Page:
4. Polyester sutures- coated and braided suture

SUTURE SIZES: The size of suture material is measured by its width or diameter and is vital to proper wound
closure. As a guide the following are specific areas of their usage:

1. 1-0 and 2-0: Used for high stress areas requiring strong retention, i.e. deep fascia repair
2. 3-0: Used in areas requiring good retention, i.e. scalp, torso, and hands
3. 4-0: Used in areas requiring minimal retention, i.e. extremities. Is the most common size utilized for
superficial wound closure.
4. 5-0: Used for areas involving the face, nose, ears, eyebrows, and eyelids.
5. 6-0: Used on areas requiring little or no retention. Primarily used for cosmetic effects.

SURGICAL NEEDLES: There are a variety of needles for wound closure. Curved needles have two basic
configurations; tapered and cutting. For wound and laceration care, the reverse cutting needle is used
almost exclusively. It is made in such a way that the outer edge is sharp so as to allow for smooth and
atraumatic penetration of tough skin and fascia. Tapered needles are used on soft tissue, such as bowel and
subcutaneous tissue, or when the smallest diameter hole is desired.

SURGICAL INSTRUMENTS: It is not necessary to have large numbers of instruments for emergency wound
care. Wounds and lacerations can be managed with the following instruments:

1. NEEDLE HOLDERS: Needle holders come in various sizes and shapes, but for most lacerations a
standard size 4" will complete the task. For larger, deeper wound closures a larger needle and needle
holder may be required.
2. FORCEPS: Grasping and controlling tissue with forceps is essential to proper suture placement.
However, whenever force is applied to skin or other tissues, inadvertent damage to cells can occur if an
improper instrument or technique is used. Be gentle when grasping tissue, and never fully close the jaws
on the skin.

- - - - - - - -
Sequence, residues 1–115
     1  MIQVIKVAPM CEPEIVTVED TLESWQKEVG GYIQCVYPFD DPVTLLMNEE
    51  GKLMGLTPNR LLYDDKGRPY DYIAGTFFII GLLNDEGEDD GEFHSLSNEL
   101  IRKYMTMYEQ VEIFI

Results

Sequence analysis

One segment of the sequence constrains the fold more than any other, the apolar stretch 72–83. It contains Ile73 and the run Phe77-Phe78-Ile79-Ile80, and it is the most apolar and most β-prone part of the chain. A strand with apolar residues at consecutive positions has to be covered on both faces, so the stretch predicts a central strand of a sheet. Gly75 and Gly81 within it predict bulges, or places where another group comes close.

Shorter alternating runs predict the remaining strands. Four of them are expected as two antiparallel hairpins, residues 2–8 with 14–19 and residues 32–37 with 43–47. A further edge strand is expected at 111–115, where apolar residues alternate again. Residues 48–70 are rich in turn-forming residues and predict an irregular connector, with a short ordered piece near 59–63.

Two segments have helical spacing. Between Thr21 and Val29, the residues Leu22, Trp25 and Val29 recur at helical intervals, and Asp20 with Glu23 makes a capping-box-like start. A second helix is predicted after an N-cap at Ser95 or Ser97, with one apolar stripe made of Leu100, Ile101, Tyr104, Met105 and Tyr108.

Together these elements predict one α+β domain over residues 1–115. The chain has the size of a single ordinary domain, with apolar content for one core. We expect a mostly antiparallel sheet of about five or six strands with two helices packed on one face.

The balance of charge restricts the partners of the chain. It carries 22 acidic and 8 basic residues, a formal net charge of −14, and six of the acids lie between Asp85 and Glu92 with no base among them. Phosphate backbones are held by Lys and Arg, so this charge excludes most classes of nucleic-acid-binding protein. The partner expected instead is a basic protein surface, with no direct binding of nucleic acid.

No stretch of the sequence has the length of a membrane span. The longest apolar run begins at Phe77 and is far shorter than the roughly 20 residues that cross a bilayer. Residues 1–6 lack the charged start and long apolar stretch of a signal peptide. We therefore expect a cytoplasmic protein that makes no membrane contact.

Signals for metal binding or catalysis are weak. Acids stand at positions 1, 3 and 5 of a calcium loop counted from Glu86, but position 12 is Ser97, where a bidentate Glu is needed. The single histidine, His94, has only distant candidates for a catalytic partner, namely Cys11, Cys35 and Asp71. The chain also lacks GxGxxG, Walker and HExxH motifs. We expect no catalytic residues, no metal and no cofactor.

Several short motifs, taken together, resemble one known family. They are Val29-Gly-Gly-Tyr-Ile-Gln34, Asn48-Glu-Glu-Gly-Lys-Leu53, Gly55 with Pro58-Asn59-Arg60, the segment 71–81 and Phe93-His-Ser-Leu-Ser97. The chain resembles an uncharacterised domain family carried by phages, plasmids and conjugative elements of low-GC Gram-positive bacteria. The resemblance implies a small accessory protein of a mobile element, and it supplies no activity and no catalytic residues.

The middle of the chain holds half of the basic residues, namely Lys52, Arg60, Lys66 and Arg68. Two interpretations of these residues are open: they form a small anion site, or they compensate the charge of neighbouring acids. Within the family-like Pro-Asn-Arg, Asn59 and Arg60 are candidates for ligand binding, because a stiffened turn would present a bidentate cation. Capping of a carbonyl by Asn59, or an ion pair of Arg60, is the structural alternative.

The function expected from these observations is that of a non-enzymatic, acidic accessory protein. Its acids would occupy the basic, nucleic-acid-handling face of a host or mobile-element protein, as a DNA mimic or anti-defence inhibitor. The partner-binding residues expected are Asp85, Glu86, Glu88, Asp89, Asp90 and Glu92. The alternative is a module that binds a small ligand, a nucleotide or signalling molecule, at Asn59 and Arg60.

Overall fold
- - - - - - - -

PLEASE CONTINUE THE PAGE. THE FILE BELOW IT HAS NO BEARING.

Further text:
3. SCISSORS: There are three types of scissors that are useful in minor wound care.
a. IRIS SCISSORS: Iris scissors are predominantly used to assist in wound debridement and
revision. These scissors are very sharp and are appropriate in situations that require very fine
control. They are very delicate and are not recommended for cutting sutures. However, when
very small sutures require removal they can be use.
b. DISSECTION SCISSORS: Used for heavier tissue revision as necessary for wound
undermining.
c. SUTURE REMOVAL SCISSORS: Standard 6-inch, single blunt-tip, suture scissors are most
useful for cutting sutures, adhesive tape, and other dressing materials. Because of their size and
bulk, these scissors are very durable and practical.
4. HEMOSTATS: Hemostats have three functions in minor wound care: clamping small blood vessels for
hemorrhage control, grasping and securing fascia during debridement, and are an excellent tool for
exposing, exploring and visualizing deeper areas of the wound.
5. KNIFE HANDLES AND BLADES: The knife handle holds the blade and is used in the debridement
and excisions during wound revision. Common blades are the #10 blade (used for large excisions), #15
blade (small, versatile and well suited for precise debridement and wound revision), and the #11 blade
(ideal for incision and drainage of superficial abscesses and the removal of very small sutures).